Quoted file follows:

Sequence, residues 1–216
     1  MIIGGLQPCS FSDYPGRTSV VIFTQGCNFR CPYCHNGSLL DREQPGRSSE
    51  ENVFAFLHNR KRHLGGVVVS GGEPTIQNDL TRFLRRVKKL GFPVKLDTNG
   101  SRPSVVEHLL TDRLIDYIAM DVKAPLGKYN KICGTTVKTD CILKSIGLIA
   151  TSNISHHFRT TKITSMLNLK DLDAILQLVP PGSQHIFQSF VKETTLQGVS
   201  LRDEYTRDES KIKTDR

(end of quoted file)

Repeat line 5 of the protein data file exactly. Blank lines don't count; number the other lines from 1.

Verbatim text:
   151  TSNISHHFRT TKITSMLNLK DLDAILQLVP PGSQHIFQSF VKETTLQGVS